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Marie-jeanne Perrot-minnot – One of the best experts on this subject based on the ideXlab platform.

  • Differential patterns of definitive host use by two fish Acanthocephalans occurring in sympatry: Pomphorhynchus laevis and Pomphorhynchus tereticollis.
    International Journal for Parasitology: Parasites and Wildlife, 2019
    Co-Authors: Marie-jeanne Perrot-minnot, Emilie Guyonnet, Loïc Bollache, Clément Lagrue

    Abstract:

    Parasites with complex life-cycles and trophic transmission are expected to show low specificity towards final hosts. However, testing this hypothesis may be hampered by low taxonomic resolution, particularly in helminths. We investigated this issue using two intestinal fish parasites with similar life-cycles and occurring in sympatry, Pomphorhynchus laevis and Pomphorhynchus tereticollis (Acanthocephala). We used species-specific ITS1 length polymorphism to discriminate parasite species from 910 adult Acanthocephalans collected in 174 individual hosts from 12 fish species. Both P. laevis and P. tereticollis exhibited restricted host range within the community of available fish host species, and transmission bias compared to their relative abundance in intermediate hosts. The two parasites also exhibited low niche overlap, primarily due to their contrasting use of bentho-pelagic (P. laevis) and benthic (P. tereticollis) fish. Furthermore, parasite prevalence in intermediate hosts appeared to increase with taxonomic specificity in definitive host use. Comparison of P. laevis and P. tereticollis adult size in the two main definitive hosts, barbel and chub, suggested lower compatibility towards the fish species with the lowest parasite abundance, in particular in P. laevis. The determinants of low niche overlap between these two sympatric Acanthocephalan species, and the contribution of definitive host range diversity to parasite transmission success, are discussed.

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  • Differential patterns of definitive host use by two fish Acanthocephalans occurring in sympatry: Pomphorhynchus laevis and Pomphorhynchus tereticollis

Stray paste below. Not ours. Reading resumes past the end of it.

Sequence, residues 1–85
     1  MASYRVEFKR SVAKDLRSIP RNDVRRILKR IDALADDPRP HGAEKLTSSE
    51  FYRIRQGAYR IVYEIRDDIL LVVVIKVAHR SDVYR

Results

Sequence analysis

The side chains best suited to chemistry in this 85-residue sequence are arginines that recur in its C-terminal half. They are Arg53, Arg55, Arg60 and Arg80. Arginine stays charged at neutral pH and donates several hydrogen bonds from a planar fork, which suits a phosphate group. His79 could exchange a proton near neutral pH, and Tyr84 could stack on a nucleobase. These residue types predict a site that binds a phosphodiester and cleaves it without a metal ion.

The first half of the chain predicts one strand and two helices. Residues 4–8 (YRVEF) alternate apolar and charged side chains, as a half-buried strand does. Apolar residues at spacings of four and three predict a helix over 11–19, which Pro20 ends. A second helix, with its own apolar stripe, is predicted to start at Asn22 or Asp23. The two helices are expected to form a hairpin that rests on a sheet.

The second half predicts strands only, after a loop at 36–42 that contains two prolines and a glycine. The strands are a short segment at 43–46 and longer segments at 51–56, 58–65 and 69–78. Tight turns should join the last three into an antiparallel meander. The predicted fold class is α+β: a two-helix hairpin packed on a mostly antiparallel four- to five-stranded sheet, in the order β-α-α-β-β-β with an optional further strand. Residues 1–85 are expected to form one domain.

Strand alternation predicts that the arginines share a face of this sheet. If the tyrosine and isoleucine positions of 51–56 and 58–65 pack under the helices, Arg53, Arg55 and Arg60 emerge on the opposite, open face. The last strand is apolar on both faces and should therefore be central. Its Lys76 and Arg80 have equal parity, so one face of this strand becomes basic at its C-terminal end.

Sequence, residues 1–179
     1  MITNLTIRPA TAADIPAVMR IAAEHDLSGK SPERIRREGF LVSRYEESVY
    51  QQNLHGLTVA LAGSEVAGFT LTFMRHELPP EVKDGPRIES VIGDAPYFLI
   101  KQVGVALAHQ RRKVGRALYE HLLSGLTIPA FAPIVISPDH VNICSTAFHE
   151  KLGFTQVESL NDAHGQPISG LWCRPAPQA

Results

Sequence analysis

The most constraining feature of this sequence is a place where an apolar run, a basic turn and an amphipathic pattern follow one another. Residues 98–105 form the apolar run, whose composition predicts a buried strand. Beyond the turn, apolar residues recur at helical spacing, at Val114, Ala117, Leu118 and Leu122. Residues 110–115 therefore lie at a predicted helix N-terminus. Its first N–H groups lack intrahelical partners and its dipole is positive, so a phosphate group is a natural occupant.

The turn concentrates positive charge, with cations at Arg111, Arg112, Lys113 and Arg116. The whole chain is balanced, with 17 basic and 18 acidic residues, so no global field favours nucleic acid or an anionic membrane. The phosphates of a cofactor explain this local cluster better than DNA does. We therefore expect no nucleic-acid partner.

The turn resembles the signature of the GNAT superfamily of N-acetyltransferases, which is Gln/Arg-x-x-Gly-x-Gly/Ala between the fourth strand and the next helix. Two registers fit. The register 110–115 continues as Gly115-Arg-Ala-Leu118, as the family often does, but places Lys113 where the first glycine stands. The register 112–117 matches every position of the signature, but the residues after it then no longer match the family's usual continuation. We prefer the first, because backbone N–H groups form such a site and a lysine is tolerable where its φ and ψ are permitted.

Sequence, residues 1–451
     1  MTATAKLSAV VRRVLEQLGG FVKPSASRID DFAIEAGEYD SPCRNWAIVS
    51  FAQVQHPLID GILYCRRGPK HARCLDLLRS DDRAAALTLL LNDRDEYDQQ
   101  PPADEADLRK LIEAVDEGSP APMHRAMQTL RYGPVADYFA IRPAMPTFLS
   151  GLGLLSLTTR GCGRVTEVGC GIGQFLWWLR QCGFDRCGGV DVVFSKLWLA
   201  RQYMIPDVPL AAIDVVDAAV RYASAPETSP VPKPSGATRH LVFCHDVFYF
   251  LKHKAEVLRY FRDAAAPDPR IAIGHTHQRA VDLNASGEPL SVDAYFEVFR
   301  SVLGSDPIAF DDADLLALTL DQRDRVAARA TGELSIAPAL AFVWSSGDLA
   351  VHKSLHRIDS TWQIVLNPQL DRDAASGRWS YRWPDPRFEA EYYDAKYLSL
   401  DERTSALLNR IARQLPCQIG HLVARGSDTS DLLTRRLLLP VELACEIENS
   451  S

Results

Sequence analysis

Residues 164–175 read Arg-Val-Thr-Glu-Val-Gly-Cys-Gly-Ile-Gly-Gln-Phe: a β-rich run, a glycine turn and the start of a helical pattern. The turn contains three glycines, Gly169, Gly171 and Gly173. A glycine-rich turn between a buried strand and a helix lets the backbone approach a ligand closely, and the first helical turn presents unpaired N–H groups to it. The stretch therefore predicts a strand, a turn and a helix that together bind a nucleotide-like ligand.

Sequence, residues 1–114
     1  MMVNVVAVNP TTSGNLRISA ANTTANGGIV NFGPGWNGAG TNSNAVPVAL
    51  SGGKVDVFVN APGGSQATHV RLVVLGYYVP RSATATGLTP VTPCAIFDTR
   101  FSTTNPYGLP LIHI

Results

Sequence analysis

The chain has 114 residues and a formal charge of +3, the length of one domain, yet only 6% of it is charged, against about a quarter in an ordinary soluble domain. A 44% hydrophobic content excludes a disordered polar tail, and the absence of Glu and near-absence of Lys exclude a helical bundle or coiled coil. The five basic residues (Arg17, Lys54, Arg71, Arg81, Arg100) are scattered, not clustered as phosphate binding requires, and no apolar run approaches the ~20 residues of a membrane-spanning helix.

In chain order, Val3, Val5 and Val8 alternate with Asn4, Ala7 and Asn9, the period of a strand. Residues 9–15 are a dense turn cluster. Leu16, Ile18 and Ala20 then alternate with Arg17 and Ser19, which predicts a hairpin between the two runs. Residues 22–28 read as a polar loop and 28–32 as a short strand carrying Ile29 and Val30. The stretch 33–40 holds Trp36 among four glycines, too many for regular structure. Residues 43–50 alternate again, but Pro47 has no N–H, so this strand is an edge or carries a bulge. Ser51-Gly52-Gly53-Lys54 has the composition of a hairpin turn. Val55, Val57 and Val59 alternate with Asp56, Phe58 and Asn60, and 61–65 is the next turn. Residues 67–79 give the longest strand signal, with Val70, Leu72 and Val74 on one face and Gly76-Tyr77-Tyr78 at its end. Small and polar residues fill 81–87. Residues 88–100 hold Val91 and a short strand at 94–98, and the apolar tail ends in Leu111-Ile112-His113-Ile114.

Elsevier, 2019
    Co-Authors: Marie-jeanne Perrot-minnot, Emilie Guyonnet, Loïc Bollache, Clément Lagrue

    Abstract:

    Parasites with complex life-cycles and trophic transmission are expected to show low specificity towards final hosts. However, testing this hypothesis may be hampered by low taxonomic resolution, particularly in helminths. We investigated this issue using two intestinal fish parasites with similar life-cycles and occurring in sympatry, Pomphorhynchus laevis and Pomphorhynchus tereticollis (Acanthocephala). We used species-specific ITS1 length polymorphism to discriminate parasite species from 910 adult Acanthocephalans collected in 174 individual hosts from 12 fish species. Both P. laevis and P. tereticollis exhibited restricted host range within the community of available fish host species, and transmission bias compared to their relative abundance in intermediate hosts. The two parasites also exhibited low niche overlap, primarily due to their contrasting use of bentho-pelagic (P. laevis) and benthic (P. tereticollis) fish. Furthermore, parasite prevalence in intermediate hosts appeared to increase with taxonomic specificity in definitive host use. Comparison of P. laevis and P. tereticollis adult size in the two main definitive hosts, barbel and chub, suggested lower compatibility towards the fish species with the lowest parasite abundance, in particular in P. laevis. The determinants of low niche overlap between these two sympatric Acanthocephalan species, and the contribution of definitive host range diversity to parasite transmission success, are discussed. Keywords: Compatibility, Complex life-cycle, Freshwater, Host range, Index, Reproduction, Specificit

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  • Contrasting phylogeography of two Western Palaearctic fish parasites despite similar life cycles.
    Journal of Biogeography, 2018
    Co-Authors: Marie-jeanne Perrot-minnot, Marta Špakulová, Rémi Wattier, Petr Kotlík, Serdar Düşen, Ali Aydoğdu, Christelle Tougard

    Abstract: